Few know the importance of home safety and security like Em Schulz and Christine Schiefer. Since 2017, the duo has been hosting the true crime and paranormal podcast “And That’s Why We Drink,” the 200th episode of which was recorded in December.
Over the past four years, Schulz and Schiefer have heard and researched thousands of stories about terrible things happening to people in their own homes, which has solidified the importance of taking all possible home security precautions.
They both pointed out that there are plenty of affordable, low-tech, and commonsense home security practices to follow that can prevent home invasions. Home security vulnerabilities are often created by just overlooking the basics.
“People will look for a window, an easy entry point; an unlocked door or a sliding door that isn’t locked. Really just the basic stuff you don’t necessarily think about, or you might just forget one night,” Schulz said. “Just lock the door, that’s the big thing.”
Schiefer says it’s important to trust your gut when it comes to making decisions about safety, whether at home or on the go. To friends and podcast listeners, she often recommends reading Gavin de Becker’s “The Gift of Fear,” which discusses the human body’s natural safety instincts.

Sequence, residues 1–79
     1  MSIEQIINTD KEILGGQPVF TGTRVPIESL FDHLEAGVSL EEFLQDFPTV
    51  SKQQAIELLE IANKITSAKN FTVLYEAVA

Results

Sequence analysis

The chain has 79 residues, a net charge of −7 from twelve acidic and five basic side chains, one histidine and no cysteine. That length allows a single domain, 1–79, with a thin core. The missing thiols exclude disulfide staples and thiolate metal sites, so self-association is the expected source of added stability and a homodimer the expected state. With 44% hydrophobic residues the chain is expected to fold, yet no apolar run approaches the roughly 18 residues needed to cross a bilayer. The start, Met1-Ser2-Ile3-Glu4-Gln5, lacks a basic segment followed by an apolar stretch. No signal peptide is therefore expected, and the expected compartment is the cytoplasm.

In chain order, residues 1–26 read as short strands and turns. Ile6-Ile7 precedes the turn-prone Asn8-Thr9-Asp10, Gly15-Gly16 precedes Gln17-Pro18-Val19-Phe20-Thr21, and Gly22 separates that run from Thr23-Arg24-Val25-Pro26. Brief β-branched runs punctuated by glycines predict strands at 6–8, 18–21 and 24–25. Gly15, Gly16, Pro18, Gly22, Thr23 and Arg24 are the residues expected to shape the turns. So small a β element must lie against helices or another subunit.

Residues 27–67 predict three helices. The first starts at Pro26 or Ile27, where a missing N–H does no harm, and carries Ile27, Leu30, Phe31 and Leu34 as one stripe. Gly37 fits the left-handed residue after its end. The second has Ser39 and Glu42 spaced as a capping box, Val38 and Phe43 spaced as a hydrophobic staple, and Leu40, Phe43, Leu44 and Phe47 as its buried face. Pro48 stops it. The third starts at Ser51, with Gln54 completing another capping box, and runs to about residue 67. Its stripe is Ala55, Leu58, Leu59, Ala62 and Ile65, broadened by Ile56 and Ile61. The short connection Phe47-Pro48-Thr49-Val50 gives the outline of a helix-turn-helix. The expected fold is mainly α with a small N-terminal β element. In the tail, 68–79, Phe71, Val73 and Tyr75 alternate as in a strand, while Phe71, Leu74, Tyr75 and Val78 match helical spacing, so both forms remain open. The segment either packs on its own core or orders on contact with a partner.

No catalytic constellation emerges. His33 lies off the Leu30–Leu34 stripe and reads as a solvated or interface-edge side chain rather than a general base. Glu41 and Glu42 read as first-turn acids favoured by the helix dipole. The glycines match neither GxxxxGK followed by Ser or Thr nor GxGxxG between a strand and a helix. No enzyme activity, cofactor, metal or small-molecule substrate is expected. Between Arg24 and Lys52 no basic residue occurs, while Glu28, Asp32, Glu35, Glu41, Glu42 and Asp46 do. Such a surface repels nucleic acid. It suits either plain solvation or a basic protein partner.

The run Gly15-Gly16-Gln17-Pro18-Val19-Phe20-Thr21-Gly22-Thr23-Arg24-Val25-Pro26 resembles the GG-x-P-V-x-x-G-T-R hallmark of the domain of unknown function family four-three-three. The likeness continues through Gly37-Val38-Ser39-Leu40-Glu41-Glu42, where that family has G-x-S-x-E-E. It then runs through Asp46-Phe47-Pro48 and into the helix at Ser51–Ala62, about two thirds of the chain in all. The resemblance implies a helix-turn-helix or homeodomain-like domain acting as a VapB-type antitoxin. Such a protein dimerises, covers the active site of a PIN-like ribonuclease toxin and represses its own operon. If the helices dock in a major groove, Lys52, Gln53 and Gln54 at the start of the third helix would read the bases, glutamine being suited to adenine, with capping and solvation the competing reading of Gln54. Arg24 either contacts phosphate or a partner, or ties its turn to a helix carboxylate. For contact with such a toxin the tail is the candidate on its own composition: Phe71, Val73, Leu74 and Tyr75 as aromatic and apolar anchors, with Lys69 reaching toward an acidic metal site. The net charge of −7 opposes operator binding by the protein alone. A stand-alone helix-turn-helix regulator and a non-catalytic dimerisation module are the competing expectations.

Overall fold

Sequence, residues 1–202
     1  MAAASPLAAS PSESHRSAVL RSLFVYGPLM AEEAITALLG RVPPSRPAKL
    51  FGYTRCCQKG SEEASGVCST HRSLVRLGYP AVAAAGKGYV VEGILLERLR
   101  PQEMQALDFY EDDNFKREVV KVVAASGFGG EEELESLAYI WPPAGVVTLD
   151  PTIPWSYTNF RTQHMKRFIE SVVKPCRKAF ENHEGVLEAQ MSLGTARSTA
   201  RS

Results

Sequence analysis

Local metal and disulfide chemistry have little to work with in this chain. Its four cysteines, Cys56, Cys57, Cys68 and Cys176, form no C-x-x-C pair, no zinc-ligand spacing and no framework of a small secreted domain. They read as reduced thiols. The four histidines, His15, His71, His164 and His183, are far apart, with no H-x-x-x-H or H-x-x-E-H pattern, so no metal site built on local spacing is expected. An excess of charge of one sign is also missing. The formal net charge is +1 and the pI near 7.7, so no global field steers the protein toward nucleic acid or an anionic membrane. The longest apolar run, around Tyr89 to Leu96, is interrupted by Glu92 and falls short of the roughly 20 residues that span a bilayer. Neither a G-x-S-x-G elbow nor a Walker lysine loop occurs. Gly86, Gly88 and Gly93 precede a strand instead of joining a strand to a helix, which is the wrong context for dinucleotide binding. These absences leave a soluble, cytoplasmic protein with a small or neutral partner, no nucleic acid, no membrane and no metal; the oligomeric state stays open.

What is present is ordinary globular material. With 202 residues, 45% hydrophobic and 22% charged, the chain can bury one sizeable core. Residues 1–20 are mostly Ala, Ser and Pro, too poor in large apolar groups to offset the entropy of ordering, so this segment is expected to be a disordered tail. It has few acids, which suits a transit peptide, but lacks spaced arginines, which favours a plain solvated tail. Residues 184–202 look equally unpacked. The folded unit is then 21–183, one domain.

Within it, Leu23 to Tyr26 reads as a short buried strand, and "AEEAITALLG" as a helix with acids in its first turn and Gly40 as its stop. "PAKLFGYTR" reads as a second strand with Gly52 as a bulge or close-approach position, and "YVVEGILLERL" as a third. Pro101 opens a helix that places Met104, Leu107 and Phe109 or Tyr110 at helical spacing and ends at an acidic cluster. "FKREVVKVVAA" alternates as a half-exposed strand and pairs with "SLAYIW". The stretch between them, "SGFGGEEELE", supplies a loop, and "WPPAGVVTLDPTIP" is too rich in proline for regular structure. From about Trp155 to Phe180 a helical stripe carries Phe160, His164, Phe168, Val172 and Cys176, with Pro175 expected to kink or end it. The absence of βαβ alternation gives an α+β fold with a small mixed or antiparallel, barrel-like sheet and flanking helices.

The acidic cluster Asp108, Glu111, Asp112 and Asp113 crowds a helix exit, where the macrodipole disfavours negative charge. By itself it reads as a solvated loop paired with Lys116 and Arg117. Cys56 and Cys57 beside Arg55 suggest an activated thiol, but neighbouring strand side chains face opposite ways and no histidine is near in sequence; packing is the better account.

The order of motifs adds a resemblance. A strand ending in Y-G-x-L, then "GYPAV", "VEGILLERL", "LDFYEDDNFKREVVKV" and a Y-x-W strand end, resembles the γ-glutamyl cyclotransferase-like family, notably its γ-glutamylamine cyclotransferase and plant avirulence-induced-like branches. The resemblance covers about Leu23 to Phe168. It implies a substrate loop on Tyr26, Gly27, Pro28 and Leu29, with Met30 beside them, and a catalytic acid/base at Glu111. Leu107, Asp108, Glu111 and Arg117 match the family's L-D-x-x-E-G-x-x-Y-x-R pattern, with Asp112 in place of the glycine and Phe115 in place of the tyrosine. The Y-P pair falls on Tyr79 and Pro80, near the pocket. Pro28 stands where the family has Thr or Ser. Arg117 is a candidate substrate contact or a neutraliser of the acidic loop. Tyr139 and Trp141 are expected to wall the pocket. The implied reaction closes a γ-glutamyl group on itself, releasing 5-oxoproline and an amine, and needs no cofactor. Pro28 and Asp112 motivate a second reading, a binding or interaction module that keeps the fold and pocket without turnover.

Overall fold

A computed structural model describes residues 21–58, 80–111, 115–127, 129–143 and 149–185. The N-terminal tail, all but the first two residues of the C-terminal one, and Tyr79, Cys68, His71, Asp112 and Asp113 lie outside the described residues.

“We’re taught to override those,” Schiefer said. “He tells you how to trust when your body is telling you, ‘Leave this situation, leave this room, this person can’t be trusted,’ even when your mind is telling you everything’s fine.”
Latest and greatest
There’s never been more options for tech and tools on the marketplace that can help you protect yourself, your family, and your home. Schulz recommends window glass sensors and window film for securing access points and improving privacy.
“The window glass sensors are for if the window opens or if glass breaks, there’ll be an alarm,” Schulz said. “The window film is kind of like a blackout privacy thing, so people can’t see through your window.”
Some other deterrents for home invaders are smart lights that can be activated remotely to make it look like you’re home, and smart doorbells that let you see who is at your door or around your property.
The key with all of these things is to remember to activate them, and to continue listening to your body’s safety instincts.“I have a home security system, and if I look in the doorbell and see somebody I don’t recognize, I’m probably not going to open the door, even though it might be rude when they see me in the living room,” Schiefer said. “Don’t be friendly just because society tells you to. Prioritize your safety above making other people feel comfortable.”